The highest legislature, consisting of the sovereign, the House of Lords, and the House of Commons.
Philip II of Spain, called "the Prudent", was King of Spain, King of Portugal, King of Naples and Sicily, and during his marriage to Queen Mary I He wanted to be King of England and Ireland. He was also Duke of Milan.
The Popish Plot was a fictitious conspiracy concocted by Titus Oates that between 1678 and 1681 gripped the Kingdoms of England and Scotland in anti-Catholic hysteria.
The Puritans were a group of English Reformed Protestants in the 16th and 17th centuries who sought to "purify" the Church of England from its "Catholic" practices, maintaining that the Church of England was only partially reformed.
The Rump Parliament was the English Parliament after Colonel Thomas Pride purged the Long Parliament, on 6 December 1648, of those members hostile to the Grandees' intention to try King Charles I for high treason.
Second Civil War
The Second English Civil War was the second of three wars known collectively as the English Civil War, which refers to the series of armed conflicts
Oliver Cromwell was an English military and political leader and later Lord Protector of the Commonwealth of England
Ship money was a tax of medieval origin levied intermittently in the Kingdom of England until the middle of the 17th century. Assessed typically on the inhabitants of coastal areas of England, it was one of several taxes that English monarchs could levy by prerogative without the approval of Parliament.
The Short Parliament was a Parliament of England that sat from 13 April to 5 May 1640 during the reign of King Charles I of England, so called because it lasted only three weeks.
The Spanish Armada was a Spanish fleet of 130 ships that sailed from A Coruña in August 1588, under the command of the Duke of Medina Sidonia with the purpose of escorting an army from Flanders to invade England.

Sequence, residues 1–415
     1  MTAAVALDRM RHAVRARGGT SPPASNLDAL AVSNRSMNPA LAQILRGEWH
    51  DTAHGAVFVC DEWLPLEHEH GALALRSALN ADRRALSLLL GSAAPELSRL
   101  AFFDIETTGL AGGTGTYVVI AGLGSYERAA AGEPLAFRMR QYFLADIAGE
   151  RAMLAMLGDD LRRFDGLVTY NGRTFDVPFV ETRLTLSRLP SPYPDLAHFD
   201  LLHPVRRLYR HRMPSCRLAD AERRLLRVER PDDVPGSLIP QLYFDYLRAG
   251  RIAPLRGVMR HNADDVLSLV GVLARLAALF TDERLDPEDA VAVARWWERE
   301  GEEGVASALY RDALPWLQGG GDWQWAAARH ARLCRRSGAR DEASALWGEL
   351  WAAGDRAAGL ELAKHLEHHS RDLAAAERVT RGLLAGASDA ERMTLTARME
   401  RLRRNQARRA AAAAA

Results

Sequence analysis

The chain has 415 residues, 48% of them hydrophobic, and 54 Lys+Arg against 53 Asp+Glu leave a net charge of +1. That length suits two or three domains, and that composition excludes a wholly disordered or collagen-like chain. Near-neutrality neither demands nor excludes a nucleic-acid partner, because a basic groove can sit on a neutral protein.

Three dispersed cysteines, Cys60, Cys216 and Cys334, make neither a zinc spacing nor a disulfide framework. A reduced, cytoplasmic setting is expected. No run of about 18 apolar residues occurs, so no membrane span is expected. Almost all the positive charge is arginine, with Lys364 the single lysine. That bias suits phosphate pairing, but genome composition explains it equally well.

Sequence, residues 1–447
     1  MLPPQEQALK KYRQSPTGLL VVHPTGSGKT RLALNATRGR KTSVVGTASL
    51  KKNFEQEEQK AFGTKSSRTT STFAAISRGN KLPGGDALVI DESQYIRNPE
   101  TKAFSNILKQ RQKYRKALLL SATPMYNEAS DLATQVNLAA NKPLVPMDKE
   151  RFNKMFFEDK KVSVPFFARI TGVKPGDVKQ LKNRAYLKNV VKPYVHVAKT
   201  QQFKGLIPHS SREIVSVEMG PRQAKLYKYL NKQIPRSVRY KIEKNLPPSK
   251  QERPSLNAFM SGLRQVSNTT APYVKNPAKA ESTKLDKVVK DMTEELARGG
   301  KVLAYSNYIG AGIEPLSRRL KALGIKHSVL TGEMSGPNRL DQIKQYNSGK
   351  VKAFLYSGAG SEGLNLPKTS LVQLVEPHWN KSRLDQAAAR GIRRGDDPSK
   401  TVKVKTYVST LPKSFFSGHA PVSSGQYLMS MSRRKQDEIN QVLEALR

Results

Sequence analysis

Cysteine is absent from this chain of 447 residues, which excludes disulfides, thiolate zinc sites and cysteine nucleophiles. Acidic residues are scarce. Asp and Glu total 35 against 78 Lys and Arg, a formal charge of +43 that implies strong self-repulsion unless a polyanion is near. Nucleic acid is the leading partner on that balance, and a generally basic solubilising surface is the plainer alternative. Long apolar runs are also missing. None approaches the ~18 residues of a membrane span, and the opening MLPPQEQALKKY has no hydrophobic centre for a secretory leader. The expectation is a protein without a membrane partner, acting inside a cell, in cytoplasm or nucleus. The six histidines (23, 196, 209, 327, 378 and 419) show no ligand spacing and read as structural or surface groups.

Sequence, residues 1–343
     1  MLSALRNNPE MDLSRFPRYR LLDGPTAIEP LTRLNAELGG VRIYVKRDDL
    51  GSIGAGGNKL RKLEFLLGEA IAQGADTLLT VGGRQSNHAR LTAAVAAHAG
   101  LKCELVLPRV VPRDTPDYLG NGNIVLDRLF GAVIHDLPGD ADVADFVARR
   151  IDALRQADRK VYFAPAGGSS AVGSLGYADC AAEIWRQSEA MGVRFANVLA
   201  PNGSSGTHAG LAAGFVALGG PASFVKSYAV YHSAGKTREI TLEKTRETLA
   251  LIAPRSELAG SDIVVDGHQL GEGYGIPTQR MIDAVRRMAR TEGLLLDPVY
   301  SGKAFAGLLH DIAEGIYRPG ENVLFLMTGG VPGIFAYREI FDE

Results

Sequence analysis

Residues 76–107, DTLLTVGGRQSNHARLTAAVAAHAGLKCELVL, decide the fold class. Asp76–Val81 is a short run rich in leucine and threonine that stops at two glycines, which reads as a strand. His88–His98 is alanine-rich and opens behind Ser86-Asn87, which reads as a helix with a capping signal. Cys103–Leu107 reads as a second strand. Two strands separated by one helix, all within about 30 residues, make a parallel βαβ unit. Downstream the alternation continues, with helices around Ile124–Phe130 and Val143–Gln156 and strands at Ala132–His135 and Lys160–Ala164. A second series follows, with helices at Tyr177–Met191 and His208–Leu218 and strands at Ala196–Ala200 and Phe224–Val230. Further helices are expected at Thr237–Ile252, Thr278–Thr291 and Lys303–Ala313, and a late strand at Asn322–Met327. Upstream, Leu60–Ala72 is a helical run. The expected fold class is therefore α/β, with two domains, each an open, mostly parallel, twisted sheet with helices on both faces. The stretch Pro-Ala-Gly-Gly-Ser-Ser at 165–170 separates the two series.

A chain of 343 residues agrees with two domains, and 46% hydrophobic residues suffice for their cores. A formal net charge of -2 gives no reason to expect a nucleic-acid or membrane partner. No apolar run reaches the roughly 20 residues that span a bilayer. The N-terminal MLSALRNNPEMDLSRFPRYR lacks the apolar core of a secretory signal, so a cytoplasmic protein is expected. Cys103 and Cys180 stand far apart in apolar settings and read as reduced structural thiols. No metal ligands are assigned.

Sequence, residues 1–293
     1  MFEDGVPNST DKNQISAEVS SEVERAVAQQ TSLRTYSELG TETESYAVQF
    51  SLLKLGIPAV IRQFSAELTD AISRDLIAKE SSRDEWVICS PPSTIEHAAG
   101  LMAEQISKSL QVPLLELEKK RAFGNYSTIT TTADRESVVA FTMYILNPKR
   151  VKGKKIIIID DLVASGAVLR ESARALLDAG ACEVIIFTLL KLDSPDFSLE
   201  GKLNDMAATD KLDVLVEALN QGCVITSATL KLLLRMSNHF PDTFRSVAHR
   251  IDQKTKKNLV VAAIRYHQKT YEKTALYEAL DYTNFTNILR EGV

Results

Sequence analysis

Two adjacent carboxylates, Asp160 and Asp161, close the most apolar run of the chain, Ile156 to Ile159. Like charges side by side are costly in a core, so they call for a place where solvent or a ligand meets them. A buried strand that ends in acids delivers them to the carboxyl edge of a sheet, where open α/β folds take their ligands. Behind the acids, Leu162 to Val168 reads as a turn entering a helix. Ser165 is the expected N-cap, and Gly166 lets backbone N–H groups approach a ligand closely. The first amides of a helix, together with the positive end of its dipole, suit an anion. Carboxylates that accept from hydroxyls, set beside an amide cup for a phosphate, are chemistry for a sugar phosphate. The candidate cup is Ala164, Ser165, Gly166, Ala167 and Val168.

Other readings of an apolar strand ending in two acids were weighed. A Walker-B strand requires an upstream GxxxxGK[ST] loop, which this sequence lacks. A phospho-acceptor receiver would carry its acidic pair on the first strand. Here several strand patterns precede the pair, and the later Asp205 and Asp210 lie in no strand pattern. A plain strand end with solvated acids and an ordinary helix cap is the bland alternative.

The Stuart Restoration is the return of the House of Stuart to the English throne. After the ousting and murder of King Charles I in 1649, Oliver Cromwell became the Lord Protector, or ruler, of England. He died in 1658 and his son, Richard, did not have the respect of the army and he was soon ousted.
A member of the English political party opposing the exclusion of James II from the succession. It remained the name for members of the English
Thomas Cromwell, 1st Earl of Essex KG PC was an English lawyer and statesman who served as chief minister to King Henry VIII of England from 1532 to 1540. Cromwell was one of the strongest and most powerful advocates of the English Reformation.
The Whigs were a political faction and then a political party in the parliaments of England, Scotland, Great Britain and the United Kingdom. Between the 1680s and 1850s, they contested power with their rivals, the Tories.
William III and Mary II
Were the co-regnants over the Kingdoms of England, Scotland, and Ireland